If Doug Ford is elected, will he actually be able to build all those subways?
If Doug Ford’s transit plan has one thing going for it, it’s simplicity. He wants to do one thing, and one thing only: build subways. In the first phase of his Toronto Subway Expansion Plan, a scheme originally advanced by his brother, he proposes not only following through with the Scarborough subway, but also building a Sheppard extension connecting Don Mills to McCowan, a downtown relief line from Queen to Pape, and a Finch West line, to Humber College. He also wants to bury the rest of the Eglinton Crosstown (or however you spell it). Then, in the second phase of the plan, he says he’ll extend the Sheppard line west to Downsview, lengthen the relief line on both ends, burrow the Eglinton line farther west of Mount Dennis and connect Kipling to Humber College with a north-south line. Altogether, the plan would create 32 new kilometres of subway. Ford claims the price tag for the first phase would be $9 billion—an amount he says he’ll raise using a series of measures that would include reallocating existing LRT funding (and, in the process, cancelling approved LRT lines), forging public-private partnerships, instituting development charges, using tax increment financing and selling air rights above stations.
IF FORD IS ELECTED, WILL IT HAPPEN?
As a map, Ford’s plan is far superior to any other transit platform. “From a point of view of coverage, he’s got a big network that covers the whole city,” says transit advocate and writer Steve Munro. “The problem is there’s no way we can afford to build the damn thing.”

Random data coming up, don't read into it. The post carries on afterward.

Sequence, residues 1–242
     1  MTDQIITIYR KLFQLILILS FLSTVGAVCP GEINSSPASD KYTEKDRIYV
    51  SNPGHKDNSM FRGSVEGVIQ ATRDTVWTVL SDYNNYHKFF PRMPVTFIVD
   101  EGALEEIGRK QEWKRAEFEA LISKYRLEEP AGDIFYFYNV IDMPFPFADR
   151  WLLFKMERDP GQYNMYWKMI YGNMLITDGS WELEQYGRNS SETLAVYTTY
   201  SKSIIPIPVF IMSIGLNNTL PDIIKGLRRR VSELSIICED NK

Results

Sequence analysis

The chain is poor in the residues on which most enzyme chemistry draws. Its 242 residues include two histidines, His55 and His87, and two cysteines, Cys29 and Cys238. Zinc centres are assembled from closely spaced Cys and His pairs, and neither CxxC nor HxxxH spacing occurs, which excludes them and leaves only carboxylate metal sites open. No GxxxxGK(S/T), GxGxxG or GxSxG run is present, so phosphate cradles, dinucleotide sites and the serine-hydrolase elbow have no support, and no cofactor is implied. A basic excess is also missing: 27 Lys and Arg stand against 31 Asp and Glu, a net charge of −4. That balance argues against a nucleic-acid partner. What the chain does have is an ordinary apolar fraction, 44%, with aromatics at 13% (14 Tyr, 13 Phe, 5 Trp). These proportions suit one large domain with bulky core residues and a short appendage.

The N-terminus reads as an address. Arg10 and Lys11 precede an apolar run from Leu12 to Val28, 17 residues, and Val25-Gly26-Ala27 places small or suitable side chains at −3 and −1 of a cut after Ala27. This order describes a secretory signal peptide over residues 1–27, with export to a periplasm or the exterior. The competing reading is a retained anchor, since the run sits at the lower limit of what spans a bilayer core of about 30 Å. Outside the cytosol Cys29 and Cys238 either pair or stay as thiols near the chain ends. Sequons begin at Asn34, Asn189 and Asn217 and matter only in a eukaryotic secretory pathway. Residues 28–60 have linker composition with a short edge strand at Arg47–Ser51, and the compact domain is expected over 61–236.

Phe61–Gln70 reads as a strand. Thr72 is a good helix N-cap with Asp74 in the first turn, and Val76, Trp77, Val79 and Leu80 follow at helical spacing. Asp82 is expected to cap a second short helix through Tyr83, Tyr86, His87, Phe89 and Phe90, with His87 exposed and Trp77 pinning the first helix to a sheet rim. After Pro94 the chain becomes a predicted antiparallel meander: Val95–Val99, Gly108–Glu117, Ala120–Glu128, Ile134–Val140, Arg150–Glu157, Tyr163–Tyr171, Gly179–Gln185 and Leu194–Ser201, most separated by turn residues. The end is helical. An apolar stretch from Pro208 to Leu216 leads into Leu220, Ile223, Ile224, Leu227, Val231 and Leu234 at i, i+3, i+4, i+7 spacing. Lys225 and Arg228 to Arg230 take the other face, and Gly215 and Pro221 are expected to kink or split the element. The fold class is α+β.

As Munro details in an article on Torontoist, Ford appears to have unintentionally skewed his funding predictions by counting the reallocated LRT money twice over. And Munro, along with other critics, maintains that the other revenue tools on Ford’s “laundry list” simply won’t work: “These have already been studied, and it has been shown that they won’t raise money,” he says. (For example, see our evaluation of Ford’s plan to use Build Toronto revenues.) Plus, experts generally agree that the first phase would cost far more than Ford’s projected $9 billion, and that it would require a lot more work than Ford’s literature lets on.
It’s not likely things will ever get that far, though. “If he’s elected, council is going to be counting votes to see how quickly they can strip him of all his powers,” Munro says. Because of Ford’s reputation as a bully, Munro adds, “I cannot imagine him making the kinds of compromises with council that will be necessary to get anything remotely like his plan approved.”
Eric Miller, a transit expert and University of Toronto engineering professor, thinks Ford may make some progress with the downtown relief life. “That would be the one thing where there would be some tangency between his program and what council might be interested in,” Miller says. But the tunnelling spree would likely go no further.
“It’s the same old plan. These are policies that have been defeated once [under Rob Ford], and I can’t imagine the new council is going to be any more supportive of them because, frankly, they’re not good ideas,” Miller says. “I’m very skeptical that almost anything Ford is talking about would happen. His is a plan for inaction.”
How do other 2014 mayoral candidates’ ideas measure up? Click here to find out.